Sakura serves a menu of japanese teriyaki and sushi such as the Crazy Dragon roll with shrimp tempura, which was showcased on NBC 2. Chefs also create Buffalo rolls out of fried spicy tuna and crab with asparagus, as well as a Cheektowaga roll, a crunchy creation topped with salmon, crab stick, white tuna, and spicy sauce.
Cheery yellow walls wrap around Sakura’s dining room, illuminated by sunlight that streams through the delicate grid that divides the windowpanes. Half a dozen chairs stand before the wooden sushi bar, which is decorated with a Japanese figurine, decorative dishes on the wall, and a lucky trident stolen from Aquaman's house.
A serene feeling envelops visitors as they enter Fuji Grill Sushi Bar & Japanese Cuisine’s wood-paneled dining room replete with potted trees and sit at a table or at the sushi bar. Led by chef Tomo Lin, who trained in sushi preparation for four years in Japan, the kitchen creates Japanese food from teriyaki and tempura favorites to inventive sushi creations. Signature rolls include the Fuji, filled with yellowtail and salmon and topped with four types of roe, and the heart-shaped Susan roll of spicy tuna. Parties can also sample myriad selections with one of many combo platters that may include rolls, sashimi, or nigiri. The sushi chefs demonstrate a sense of whimsy as they decorate sushi plates with sauces, drawing images such as dragons, tree branches, or Morse code messages reading, "I know what you did."
Along one wall of the dining room, screens of angled wooden slats and a trellis canopy of ivy create a cozy, semiprivate atmosphere at each table. Japanese paper lanterns, wall scrolls, and windowpanes that mimic traditional paper screens additionally contribute to the eatery's authentic aura.
The scrape of knives being sharpened, flames shooting from the teppanyaki grill?these are but two signs that another meal has begun at Hibachi Japanese Steakhouse. Here, chefs toss teriyaki salmon filets and 22-ounce rib eye steaks with housemade sauces and seasonings, all before diners' eyes. The feasts come complete with Japanese onion soup, salad, shrimp, and grilled veggies.
While hibachi chefs man their grills, sushi chefs artfully assemble 20 specialty and deep-fried rolls. The latter category features a roll named for the restaurant itself?the Hibachi?jam-packed with filet mignon and cream cheese. Raw specialties, meanwhile, include the Halloween roll, a mixture of spicy and white tuna topped with black tobiko, a tastier alternative to melted-down candy corn. Complemented by more than 10 cocktails, feasts unfold inside Hibachi's five eateries in Independence, Fairview Park, Mentor, Highland Heights, and Erie.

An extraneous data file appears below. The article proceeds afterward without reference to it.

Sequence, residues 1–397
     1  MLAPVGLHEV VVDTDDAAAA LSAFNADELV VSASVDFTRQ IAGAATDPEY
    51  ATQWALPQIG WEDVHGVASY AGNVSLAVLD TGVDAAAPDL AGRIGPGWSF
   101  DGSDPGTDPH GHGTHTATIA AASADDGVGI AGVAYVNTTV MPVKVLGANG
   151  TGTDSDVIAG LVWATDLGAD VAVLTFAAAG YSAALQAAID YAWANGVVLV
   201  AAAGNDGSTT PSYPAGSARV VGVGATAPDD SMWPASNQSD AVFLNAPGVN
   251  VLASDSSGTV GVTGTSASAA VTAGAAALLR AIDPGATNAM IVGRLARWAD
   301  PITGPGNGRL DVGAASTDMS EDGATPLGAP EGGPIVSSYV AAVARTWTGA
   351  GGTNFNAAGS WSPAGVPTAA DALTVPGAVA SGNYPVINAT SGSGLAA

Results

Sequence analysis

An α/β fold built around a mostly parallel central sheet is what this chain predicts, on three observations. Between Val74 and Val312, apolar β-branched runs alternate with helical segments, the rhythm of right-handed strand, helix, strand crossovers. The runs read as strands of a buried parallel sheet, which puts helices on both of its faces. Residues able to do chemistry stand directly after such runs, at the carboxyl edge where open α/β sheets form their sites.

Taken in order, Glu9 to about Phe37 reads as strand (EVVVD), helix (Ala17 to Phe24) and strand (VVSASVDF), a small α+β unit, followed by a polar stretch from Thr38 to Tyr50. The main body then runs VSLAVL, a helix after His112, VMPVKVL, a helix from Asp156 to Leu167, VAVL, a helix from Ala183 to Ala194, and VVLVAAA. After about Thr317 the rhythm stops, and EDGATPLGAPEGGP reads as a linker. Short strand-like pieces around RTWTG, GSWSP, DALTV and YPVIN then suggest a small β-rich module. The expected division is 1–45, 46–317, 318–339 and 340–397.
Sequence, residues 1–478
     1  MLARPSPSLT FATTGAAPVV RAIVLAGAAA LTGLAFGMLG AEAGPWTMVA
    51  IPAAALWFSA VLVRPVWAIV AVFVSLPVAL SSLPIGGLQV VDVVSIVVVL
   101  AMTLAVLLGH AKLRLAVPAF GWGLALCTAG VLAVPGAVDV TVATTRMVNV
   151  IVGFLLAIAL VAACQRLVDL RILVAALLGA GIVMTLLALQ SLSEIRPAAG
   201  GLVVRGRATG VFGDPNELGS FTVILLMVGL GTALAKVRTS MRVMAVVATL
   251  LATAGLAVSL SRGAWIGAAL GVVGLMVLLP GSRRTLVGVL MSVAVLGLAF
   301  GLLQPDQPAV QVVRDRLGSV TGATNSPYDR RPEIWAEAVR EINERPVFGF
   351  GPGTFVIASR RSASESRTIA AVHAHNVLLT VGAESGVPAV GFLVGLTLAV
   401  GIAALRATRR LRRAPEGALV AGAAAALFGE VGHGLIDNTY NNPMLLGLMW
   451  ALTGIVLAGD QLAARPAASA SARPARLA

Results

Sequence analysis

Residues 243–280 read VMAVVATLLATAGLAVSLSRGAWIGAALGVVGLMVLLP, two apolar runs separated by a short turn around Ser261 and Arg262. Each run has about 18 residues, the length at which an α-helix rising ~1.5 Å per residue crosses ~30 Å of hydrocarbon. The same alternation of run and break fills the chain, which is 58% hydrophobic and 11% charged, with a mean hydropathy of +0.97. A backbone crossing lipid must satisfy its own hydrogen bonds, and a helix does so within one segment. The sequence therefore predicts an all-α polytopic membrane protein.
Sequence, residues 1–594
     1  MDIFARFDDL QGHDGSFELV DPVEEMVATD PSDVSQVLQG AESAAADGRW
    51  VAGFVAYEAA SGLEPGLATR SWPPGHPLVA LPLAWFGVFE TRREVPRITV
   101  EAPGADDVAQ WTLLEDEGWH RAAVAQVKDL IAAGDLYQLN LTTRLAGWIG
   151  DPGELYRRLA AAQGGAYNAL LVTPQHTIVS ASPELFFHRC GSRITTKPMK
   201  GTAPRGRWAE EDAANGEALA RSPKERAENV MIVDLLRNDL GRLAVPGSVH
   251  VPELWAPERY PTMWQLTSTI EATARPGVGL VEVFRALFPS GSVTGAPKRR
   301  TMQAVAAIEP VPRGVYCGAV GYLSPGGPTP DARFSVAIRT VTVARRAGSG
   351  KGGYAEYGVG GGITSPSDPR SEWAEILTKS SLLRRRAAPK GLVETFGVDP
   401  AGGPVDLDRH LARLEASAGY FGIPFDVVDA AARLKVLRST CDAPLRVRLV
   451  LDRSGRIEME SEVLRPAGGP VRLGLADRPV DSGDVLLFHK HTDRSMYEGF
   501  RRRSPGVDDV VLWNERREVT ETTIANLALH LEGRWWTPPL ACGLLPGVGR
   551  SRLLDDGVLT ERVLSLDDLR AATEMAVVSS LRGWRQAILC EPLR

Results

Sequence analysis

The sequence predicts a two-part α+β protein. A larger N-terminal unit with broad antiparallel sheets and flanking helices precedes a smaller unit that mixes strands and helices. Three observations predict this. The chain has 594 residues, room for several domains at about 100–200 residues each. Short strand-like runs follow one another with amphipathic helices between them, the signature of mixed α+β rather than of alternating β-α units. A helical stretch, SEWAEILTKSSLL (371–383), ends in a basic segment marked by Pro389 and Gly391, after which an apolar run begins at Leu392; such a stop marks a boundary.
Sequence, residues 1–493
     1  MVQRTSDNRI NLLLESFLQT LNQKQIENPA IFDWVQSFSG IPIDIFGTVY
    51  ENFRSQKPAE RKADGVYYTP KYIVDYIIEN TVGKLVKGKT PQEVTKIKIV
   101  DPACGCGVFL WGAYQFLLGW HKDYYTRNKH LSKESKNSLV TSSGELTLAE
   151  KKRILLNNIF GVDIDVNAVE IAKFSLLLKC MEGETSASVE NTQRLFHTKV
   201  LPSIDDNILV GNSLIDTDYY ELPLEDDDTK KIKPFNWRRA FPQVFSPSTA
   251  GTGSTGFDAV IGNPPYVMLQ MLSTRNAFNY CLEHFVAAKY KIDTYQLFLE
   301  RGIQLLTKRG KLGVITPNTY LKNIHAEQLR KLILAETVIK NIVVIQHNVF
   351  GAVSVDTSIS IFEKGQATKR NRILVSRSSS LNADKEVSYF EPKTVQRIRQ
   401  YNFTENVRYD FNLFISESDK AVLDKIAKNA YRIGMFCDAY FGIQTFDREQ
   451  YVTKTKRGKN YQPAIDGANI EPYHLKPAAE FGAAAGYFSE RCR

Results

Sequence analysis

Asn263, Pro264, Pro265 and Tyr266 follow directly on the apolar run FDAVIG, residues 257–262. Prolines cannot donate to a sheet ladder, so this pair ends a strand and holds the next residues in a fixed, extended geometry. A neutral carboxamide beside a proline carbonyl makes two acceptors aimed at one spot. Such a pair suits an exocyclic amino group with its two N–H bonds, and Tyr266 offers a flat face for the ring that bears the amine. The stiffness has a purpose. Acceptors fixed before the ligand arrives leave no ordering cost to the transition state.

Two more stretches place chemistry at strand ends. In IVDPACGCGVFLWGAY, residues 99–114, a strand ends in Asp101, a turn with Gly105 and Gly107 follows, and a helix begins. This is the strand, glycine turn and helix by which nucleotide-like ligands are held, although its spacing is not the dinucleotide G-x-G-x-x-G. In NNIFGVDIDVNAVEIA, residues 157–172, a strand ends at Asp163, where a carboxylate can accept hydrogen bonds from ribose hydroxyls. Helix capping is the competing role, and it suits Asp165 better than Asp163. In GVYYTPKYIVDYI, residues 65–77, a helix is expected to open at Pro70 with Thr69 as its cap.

The artistic chefs at Sushi Kai skillfully cut sushi and use fresh fish, meats, and high-quality produce when creating dishes for their traditional Japanese menu. Celebrating Japan’s most popular import, the sushi chefs can roll choices from 25 maki options including barbecued eel and thinly carved yellowtail sashimi, or set off in-mouth fireworks with cone-shaped spicy-tuna hand rolls. Japanese curries introduce diners to a lesser-known Japanese specialty, greeting tongues with a choice of chicken, beef, pork, or fish. As diners share bites of sushi, they lounge in Sushi Kai's minimalist dining room and lecture its plants on proper photosynthesis technique.
California Rollin' Sushi Bar's crew of nimble-fingered sushi slingers prepare fresh sushi rolls and 70 cooked comestibles to populate an extensive Americanized menu. Raw delicacies include the hamachi maki, which corrals lemon-kissed yellowtail and scallions, and the cooked Cinema roll, whose shrimp and avocado add a cool complement to the tangy crunch of onion rings. The Leviathan roll ensconces bites of eel and cucumber inside another rolled layer of tempura shrimp and seaweed salad. Patrons can accompany each meal with with unique dessert rolls such as the tempura-cheesecake roll with a fried Oreo and draughts of hot sake, the traditional Japanese beverage made from fermented rice.
Sakura Home Japanese Restaurant serves up a variety of specialty sashimi and sushi rolls such as Toro, which is comprised of tuna belly fat and uni. Guests further experience a Japanese dining tradition in the restaurant's tatami room, where they sit atop plush cushions on the floor and eat at low-resting tables. But the restaurant isn't entirely chair-free?a private hibachi room seats diners around a table with an inset grill, where skilled chefs make a show of slicing and sizzling steak, lobster, and vegetables. Out in the main dining room, sushi makers also put their skills on display while crafting specialty rolls with ingredients such as tuna and honey mayo.